Both (Sorry). References to a study (or more accurately the paper summarizing the results, see note at bottom) generally use the present tense, while references to actual researchers generally use past. And unless your research subject is English language, you will see variations.
To explain the examples you gave:
Firstly, "are" in this context means "exist". So one could rewrite the sentence as "there exist studies that...". Sencondly, the studies* still exist, and they still currently (as of writing) summarize opinions on mining work. Incidentally, they will always summarize opinions on mining work; it's just that the opinions will eventually no longer be current as of time of reading. Thus, because the studies still exist, we use the present tense.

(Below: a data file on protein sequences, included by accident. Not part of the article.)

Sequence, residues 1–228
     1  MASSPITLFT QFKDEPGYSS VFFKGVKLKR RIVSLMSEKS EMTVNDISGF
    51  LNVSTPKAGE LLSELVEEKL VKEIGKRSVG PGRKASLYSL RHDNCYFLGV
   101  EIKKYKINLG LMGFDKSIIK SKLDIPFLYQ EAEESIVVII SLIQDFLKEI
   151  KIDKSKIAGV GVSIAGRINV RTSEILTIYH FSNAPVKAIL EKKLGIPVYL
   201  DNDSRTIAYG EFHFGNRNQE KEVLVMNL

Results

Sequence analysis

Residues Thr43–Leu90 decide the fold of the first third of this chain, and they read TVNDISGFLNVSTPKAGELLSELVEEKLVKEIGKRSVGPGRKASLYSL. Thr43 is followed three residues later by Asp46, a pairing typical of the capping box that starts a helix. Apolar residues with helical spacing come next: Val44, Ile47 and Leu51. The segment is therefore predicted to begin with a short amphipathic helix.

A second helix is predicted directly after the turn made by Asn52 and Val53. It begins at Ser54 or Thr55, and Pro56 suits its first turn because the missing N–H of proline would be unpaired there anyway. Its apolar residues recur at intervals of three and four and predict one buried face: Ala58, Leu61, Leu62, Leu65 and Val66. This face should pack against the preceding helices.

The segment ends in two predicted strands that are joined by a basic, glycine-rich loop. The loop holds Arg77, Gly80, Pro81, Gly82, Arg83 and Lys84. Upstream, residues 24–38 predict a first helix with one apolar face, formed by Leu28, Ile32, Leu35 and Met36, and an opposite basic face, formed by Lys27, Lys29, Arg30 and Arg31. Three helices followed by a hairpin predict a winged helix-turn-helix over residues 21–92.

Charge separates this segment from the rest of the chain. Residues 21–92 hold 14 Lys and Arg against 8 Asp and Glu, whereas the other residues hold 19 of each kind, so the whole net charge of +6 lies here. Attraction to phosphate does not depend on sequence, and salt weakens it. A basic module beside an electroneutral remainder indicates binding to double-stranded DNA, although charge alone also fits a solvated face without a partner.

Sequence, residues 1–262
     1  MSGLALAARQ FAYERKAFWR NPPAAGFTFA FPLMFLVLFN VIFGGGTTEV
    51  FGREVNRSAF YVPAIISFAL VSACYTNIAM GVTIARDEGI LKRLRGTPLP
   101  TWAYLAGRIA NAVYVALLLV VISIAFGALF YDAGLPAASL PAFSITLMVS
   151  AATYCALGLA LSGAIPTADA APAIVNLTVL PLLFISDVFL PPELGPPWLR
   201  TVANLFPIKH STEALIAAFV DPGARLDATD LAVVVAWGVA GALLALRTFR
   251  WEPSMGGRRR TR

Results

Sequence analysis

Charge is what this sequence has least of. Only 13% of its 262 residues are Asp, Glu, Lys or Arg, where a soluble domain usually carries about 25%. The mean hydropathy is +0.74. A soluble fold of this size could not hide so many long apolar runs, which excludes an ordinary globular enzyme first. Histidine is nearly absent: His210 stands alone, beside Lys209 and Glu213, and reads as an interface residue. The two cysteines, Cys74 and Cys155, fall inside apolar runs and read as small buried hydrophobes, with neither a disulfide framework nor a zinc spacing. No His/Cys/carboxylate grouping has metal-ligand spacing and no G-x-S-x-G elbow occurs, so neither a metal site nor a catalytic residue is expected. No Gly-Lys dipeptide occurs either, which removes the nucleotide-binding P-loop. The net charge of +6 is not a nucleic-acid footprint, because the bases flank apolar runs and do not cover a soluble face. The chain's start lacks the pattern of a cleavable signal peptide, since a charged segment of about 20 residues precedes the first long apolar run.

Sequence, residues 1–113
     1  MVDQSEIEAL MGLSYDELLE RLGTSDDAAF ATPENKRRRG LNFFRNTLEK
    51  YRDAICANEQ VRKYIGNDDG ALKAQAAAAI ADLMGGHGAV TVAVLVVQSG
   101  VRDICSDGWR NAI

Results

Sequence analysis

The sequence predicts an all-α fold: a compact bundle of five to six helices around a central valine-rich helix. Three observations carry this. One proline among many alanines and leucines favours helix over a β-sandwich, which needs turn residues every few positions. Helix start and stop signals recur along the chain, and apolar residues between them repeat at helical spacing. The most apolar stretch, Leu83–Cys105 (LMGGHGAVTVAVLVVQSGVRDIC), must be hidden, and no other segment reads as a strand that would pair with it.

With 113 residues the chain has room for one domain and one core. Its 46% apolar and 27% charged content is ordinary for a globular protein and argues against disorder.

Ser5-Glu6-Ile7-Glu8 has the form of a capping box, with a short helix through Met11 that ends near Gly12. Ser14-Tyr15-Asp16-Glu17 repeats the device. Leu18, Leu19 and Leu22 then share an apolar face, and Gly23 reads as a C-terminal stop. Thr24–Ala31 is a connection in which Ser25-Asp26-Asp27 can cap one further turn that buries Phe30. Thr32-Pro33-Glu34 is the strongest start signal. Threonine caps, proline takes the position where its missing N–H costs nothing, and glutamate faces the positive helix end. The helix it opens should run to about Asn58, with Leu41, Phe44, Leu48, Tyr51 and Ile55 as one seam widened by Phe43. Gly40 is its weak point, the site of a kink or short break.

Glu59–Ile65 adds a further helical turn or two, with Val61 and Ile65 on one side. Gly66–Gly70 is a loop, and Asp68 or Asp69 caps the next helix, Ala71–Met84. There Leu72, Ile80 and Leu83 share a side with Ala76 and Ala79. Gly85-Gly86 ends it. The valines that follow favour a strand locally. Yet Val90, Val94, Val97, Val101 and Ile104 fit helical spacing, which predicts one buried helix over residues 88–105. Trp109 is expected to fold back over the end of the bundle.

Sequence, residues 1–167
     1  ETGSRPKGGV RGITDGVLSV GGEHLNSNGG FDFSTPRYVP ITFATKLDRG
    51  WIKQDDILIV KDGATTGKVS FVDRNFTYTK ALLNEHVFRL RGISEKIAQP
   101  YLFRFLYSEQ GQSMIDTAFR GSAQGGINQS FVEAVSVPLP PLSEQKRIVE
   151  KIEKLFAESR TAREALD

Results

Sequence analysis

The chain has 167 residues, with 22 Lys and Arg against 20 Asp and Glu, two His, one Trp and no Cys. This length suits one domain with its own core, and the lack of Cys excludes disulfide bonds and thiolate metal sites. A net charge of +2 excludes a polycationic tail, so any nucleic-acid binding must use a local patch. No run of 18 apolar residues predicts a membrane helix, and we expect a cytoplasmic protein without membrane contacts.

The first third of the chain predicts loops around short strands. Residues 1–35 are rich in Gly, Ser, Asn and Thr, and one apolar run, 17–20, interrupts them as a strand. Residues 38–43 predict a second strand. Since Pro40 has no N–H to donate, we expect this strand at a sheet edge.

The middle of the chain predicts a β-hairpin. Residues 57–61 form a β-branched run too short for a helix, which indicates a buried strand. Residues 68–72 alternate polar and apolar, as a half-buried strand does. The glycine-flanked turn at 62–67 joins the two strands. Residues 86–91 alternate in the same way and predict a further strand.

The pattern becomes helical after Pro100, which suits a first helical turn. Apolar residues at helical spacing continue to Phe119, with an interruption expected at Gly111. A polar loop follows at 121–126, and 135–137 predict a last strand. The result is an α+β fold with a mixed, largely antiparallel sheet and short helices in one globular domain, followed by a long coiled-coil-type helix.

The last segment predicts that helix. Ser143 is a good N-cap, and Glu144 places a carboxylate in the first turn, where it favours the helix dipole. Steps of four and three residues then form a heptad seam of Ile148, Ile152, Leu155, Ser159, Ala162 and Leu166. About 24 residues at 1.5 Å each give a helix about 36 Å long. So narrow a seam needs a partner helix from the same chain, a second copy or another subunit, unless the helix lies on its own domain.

Zhou and Chaovalit are the actors here. They are (presumably) no longer performing sentiment classification, thus the action is in the past, and we use past tense. Actually, if Zhou and Chaovalit are continuing to work on this subject, we can use the past tense as we are not referring to their current work at all, but their past, published work (and findings, see note below)
*One thing to note: "Study"(singular form of "studies") as a noun, in this context, can refer to both the actual study itself(the research, testing, test subjects, etc.) and to the report(s) detailing the study and its results. The second option is probably intended here.